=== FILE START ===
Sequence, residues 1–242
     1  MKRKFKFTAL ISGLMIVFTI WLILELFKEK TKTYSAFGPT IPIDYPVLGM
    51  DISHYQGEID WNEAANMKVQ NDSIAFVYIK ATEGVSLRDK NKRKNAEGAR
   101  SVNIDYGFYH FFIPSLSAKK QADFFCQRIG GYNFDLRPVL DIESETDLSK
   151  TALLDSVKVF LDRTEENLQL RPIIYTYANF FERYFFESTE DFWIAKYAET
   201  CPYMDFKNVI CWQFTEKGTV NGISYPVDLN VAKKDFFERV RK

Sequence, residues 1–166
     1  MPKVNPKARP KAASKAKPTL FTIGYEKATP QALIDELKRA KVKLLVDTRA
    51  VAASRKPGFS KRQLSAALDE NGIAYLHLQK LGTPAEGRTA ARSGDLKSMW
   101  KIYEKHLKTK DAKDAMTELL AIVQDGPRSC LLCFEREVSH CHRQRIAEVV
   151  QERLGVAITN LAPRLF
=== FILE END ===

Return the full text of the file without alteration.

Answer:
Sequence, residues 1–242
     1  MKRKFKFTAL ISGLMIVFTI WLILELFKEK TKTYSAFGPT IPIDYPVLGM
    51  DISHYQGEID WNEAANMKVQ NDSIAFVYIK ATEGVSLRDK NKRKNAEGAR
   101  SVNIDYGFYH FFIPSLSAKK QADFFCQRIG GYNFDLRPVL DIESETDLSK
   151  TALLDSVKVF LDRTEENLQL RPIIYTYANF FERYFFESTE DFWIAKYAET
   201  CPYMDFKNVI CWQFTEKGTV NGISYPVDLN VAKKDFFERV RK

Sequence, residues 1–166
     1  MPKVNPKARP KAASKAKPTL FTIGYEKATP QALIDELKRA KVKLLVDTRA
    51  VAASRKPGFS KRQLSAALDE NGIAYLHLQK LGTPAEGRTA ARSGDLKSMW
   101  KIYEKHLKTK DAKDAMTELL AIVQDGPRSC LLCFEREVSH CHRQRIAEVV
   151  QERLGVAITN LAPRLF